- flour. I use plain, strong flour
- yeast. I use instant.
- semolina. This is a critical ingredient for giving you that classic crunchy outside, and you only dust the unbaked muffins with it.
See recipe card for quantities.
Mix the flour, yeast, water and sugar and knead until you have a rough ball of dough. Leave to prove for 2 hours
After a couple of hours, the dough will be doubled, smooth and shiny
Knock down the dough, then shape into a circle and cut into 8 pieces
Roll into muffin shapes, flattening slightly, coat in semolina then leave to rise for another hour or so.
Cook in a heavy bottomed frying pan, on both sides for 15 minutes.
Hint: do not omit the semolina, it is cheap to buy and you will use it for lots of other baking purposes, like pizza crusts etc.
A heavy bottom frying pan is essential. I love to use my Ninja Foodi Zerostick Frying Pan (shameless affiliate link) but any heavy based frying pan or skillet is perfect.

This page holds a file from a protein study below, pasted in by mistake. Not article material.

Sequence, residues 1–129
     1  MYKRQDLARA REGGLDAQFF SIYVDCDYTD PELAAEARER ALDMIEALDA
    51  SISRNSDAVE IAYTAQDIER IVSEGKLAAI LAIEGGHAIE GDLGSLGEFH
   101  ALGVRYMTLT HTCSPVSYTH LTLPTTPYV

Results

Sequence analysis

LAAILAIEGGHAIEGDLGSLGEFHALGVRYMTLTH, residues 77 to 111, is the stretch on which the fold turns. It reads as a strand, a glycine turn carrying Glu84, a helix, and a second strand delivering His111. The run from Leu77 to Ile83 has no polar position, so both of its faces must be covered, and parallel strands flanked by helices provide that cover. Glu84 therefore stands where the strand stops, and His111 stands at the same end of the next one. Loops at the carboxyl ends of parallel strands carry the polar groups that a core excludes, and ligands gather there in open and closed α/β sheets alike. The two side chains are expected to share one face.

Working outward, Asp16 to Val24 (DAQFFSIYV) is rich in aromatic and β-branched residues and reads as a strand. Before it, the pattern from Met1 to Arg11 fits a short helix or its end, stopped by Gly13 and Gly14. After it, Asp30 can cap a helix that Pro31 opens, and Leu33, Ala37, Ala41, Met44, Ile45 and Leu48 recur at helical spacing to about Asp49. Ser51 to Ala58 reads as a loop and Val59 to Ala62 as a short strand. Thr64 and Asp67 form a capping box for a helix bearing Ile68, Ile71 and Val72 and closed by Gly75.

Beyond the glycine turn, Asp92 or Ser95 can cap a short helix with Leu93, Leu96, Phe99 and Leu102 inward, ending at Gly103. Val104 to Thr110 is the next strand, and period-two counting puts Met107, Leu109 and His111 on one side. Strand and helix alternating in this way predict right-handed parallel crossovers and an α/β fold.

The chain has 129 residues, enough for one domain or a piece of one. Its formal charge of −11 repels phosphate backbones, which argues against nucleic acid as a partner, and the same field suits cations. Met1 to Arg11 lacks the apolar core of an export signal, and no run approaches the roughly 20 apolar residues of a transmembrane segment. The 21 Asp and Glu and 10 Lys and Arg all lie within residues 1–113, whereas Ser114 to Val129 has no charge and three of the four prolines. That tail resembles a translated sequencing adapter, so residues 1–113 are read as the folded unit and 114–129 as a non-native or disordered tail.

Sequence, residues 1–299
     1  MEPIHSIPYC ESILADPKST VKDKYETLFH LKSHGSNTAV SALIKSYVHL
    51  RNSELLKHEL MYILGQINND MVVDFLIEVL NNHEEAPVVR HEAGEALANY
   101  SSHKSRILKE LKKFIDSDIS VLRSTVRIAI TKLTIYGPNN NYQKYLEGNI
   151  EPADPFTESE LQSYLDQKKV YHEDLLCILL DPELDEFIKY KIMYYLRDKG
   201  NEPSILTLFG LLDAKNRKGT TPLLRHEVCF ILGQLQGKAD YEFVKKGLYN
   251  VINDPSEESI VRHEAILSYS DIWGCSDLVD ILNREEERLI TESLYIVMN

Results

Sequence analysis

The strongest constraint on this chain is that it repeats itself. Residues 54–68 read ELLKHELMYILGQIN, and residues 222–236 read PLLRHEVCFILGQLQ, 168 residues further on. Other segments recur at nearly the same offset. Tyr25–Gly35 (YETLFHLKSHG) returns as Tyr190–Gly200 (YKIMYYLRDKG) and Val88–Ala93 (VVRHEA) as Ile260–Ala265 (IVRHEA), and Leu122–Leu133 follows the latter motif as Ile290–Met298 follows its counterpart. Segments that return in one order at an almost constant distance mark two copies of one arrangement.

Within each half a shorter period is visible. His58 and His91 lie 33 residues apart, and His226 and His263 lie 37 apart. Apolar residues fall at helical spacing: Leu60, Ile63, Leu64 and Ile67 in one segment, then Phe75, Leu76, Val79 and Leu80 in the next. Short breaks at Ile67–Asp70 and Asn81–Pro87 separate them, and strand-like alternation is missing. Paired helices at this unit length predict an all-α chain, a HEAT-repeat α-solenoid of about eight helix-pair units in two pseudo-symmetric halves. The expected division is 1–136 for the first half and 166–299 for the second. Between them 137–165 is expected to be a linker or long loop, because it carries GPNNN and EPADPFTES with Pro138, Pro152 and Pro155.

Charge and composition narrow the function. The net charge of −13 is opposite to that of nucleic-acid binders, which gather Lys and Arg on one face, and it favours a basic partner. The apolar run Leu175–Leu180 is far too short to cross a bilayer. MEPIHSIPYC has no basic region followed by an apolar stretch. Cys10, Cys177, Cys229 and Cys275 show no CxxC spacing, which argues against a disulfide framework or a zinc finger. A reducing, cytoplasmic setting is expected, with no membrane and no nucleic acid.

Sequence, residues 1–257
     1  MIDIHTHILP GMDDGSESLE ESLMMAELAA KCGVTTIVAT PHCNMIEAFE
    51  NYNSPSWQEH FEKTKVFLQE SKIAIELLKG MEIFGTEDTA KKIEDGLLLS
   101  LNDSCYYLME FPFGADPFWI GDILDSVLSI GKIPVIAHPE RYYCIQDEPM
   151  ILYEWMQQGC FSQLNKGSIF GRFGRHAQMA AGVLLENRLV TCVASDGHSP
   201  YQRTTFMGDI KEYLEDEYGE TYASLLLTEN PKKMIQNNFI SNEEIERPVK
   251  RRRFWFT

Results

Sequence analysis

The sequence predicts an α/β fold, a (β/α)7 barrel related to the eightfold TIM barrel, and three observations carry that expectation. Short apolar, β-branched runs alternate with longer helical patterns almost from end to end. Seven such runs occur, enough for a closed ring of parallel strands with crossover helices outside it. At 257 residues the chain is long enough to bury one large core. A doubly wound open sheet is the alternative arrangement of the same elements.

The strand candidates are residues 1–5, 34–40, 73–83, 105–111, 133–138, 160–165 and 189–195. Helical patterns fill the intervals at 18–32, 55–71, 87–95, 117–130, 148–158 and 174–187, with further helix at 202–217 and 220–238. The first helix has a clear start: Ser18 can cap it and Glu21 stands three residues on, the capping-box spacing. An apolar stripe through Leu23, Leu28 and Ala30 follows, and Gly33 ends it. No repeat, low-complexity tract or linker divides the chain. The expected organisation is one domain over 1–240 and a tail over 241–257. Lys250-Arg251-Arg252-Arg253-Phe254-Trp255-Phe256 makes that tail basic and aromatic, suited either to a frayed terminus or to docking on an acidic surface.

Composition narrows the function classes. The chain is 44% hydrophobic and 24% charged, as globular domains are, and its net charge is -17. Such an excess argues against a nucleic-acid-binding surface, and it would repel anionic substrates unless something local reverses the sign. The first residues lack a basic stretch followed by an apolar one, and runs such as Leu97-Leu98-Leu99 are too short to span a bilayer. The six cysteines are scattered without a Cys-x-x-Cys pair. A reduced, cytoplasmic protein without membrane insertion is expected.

These are really only good for a day or 2 after you make them, and they definitely need toasting by day 2.
Freeze them on the day of baking, one cooled, then thaw at room temperature before toasting.
Make a larger batch and freeze them on the day of baking so that you always have some lovely fluffy muffins.
We just call them muffins. And yes, we call things like blueberry muffins, muffins as well!
I get really cross at this type of question, like, do you put jam or cream on scones first - you do you!
Personally, if they're freshly baked, I will tear the muffin in half and spread it with vegan butter and jam, but if they're cold or shop-bought, I'll use a knife to cut it in half. If you want to use the latest Tiktok method of splitting a muffin, go ahead!
Easy English Muffins
- 1 Heavy Bottomed frying pan or griddle
- 550 g Plain Flour white, extra strong
- 5 g Instant yeast
- 1 teaspoon Sugar
- 1 teaspoon Salt
- 340 ml Warm water not boiling
- 1 teaspoon Vegetable oil
- Semolina for sprinkling
- Place the warm water, yeast and sugar into a small bowl or jug and let activate, just for a couple of minutes